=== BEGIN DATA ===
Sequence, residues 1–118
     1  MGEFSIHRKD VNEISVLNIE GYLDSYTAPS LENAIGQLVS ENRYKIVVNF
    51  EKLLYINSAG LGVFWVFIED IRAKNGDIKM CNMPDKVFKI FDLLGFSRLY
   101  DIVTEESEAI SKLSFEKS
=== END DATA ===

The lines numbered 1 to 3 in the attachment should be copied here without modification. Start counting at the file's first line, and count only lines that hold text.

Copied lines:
Sequence, residues 1–118
     1  MGEFSIHRKD VNEISVLNIE GYLDSYTAPS LENAIGQLVS ENRYKIVVNF
    51  EKLLYINSAG LGVFWVFIED IRAKNGDIKM CNMPDKVFKI FDLLGFSRLY